Outdoorsmen are sure to feel at home in the State of Washington. If you love hiking, be sure to check out the views of snowcapped Mt. Rainier as you walk the trails.

If you prefer a more isolated camping experience, don't miss out on a visit to Olympic National Park.

48. Camping in West Virginia

West Virginia is a treasure trove of outdoor activity! Whether you're into hiking, fishing, mountain biking, kayaking, or even winter sports like skiing and snowboarding, you'll find what you're looking for and more in this Appalachian state of West Virginia.

49. Camping in Wisconsin

With two great lake coastlines, acres of dense forest, and several rivers running throughout, Wisconsin is more than meets the eye when it comes to outdoor adventure.

Visitors enjoy fishing, rafting, boating, hiking, and birdwatching in Wisconsin’s many great camping sites. But don’t take our word for it… read on to see the 10 best camping spots in Wisconsin.

50. Places to Visit in Wyoming

From the Great Plains to the Rocky Mountains, from Grand Teton to Yellowstone, Wyoming is an outdoorsman's paradise. As the nation's least populated state and with over 3 million acres of wilderness, Wyoming offers plenty of opportunities for camping and outdoor adventure.

This is also a place where you can truly get in touch with nature–check out our list of Wyoming State Parks.

BONUS: Camping in the Capital (Washington D.C.)

The Nation's Capital is wedged between some glorious campsites. Pack your bags and pick one of these rural U.S. destinations.

Watch this video by Redfish Lake Lodge of the amazing Redfish Lake experience in Idaho:

Well, what are you waiting for? Go out and enjoy all the great outdoors has to offer!

Those who appreciate nature and spend some of their precious time in the wild know how fortunate they are to be living among these beautiful spots within the United States.

What do you think about the beautiful campgrounds of each state? Share your thoughts in the comments below!

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Ultimate Campgrounds Across America: USA's "Must See" Campgrounds |

Editor’s Note: This post was originally published in June 2017 and has been updated for quality and relevancy.

This Article Was First Found at Read The Original Article Here

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Homemade Weapons You Can DIY To Awaken Your Inner Caveman

Learn to make your own homemade weapons so you’ll have a fighting chance in a survival situation where all you have is nature.

 [You Get One FREE] Weird Little Knife Drives TSA Crazy!

How to Make Homemade Weapons

Why Should You Learn to Make Homemade Weapons?

Let’s say you got lost in the wild, and you somehow forgot or lost your Cold Steel Leatherneck Tanto 39LSFT (or whichever is the best survival knife for you). What do you do?

While your situation is most likely not quite as bad as Tom Hanks had it in Castaway, let’s face it. The only way you’re gonna get out of this situation in good shape is to let out your inner caveman.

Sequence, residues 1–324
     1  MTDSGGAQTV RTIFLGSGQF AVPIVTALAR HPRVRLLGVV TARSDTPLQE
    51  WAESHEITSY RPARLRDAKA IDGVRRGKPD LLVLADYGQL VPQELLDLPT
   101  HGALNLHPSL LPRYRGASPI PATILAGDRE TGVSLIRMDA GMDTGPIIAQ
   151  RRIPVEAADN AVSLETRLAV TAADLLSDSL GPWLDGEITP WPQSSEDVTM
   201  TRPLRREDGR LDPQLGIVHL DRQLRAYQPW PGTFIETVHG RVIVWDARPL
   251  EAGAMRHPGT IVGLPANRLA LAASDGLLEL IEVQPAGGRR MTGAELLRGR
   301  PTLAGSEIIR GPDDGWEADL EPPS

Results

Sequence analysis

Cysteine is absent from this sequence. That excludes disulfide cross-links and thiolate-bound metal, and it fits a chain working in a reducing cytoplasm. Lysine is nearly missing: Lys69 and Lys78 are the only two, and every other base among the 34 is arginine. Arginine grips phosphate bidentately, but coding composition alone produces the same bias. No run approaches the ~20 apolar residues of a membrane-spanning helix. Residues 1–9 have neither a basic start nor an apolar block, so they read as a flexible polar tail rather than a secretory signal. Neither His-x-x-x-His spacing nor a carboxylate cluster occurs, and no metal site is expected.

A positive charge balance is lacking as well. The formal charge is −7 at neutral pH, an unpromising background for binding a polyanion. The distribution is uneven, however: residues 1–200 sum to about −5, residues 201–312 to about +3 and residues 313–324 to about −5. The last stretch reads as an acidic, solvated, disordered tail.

Let me explain. Our very primitive ancestors lived in a time when every day was a survival situation. Any tools or weapons they needed had to be made from scratch.

So, should you be unlucky enough to have only the shirt on your back while you’re lost in the wilderness, you’ll have to follow suit. Let the training of your inner caveman begin.

Today’s lesson: how to make DIY weapons in the wild with only the resources nature provided you.

How to Make a Knife | Homemade Weapons

Having a knife, any kind of knife is probably one of the best things to happen should you suddenly find yourself in a survival situation. You can use it to help you find food, build a shelter, and defend yourself against wild animals.

So it’s highly fortunate nature is waiting like a momma at a craft table with lots of materials you can use to create one.

1. Stone Knives

Bone, shell, bamboo, wood, or even an old aluminum beer can may work to perform the puncturing function of a blade. You know you’ve seen these a million times when you’re out hiking.

They’re easy to crack or break or shape into a fairly sharp point which will do in a pinch. Unfortunately, you’re not going to be able to use a chicken bone or an expertly-shaped aluminum can point to skin, chop, baton, or any of the other necessary functions of a survival knife.

This is where the stone comes into play. I’ll start by saying making a knife out of stone isn’t easy, but it can be done.

You’ll need three things: a core rock, a hammerstone, and a pressure flaker. Remember, you’re going to be smashing these together in true caveman fashion.

So, having stones you can reasonably grip in each hand is going to make your life a lot easier. Although, it’s definitely an option to stand poised over one rock smashing down on it.

You, with a two-hand grip, pounding until you’ve chipped away at it a bit. But I’m getting ahead of myself.